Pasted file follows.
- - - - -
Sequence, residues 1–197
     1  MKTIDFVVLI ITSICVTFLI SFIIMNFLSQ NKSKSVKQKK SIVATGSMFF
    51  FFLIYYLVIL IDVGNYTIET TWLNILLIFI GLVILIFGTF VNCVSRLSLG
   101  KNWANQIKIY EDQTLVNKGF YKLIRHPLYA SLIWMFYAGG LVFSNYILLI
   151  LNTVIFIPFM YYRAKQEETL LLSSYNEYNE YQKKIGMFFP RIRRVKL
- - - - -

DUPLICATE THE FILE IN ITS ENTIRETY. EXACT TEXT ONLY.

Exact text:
Sequence, residues 1–197
     1  MKTIDFVVLI ITSICVTFLI SFIIMNFLSQ NKSKSVKQKK SIVATGSMFF
    51  FFLIYYLVIL IDVGNYTIET TWLNILLIFI GLVILIFGTF VNCVSRLSLG
   101  KNWANQIKIY EDQTLVNKGF YKLIRHPLYA SLIWMFYAGG LVFSNYILLI
   151  LNTVIFIPFM YYRAKQEETL LLSSYNEYNE YQKKIGMFFP RIRRVKL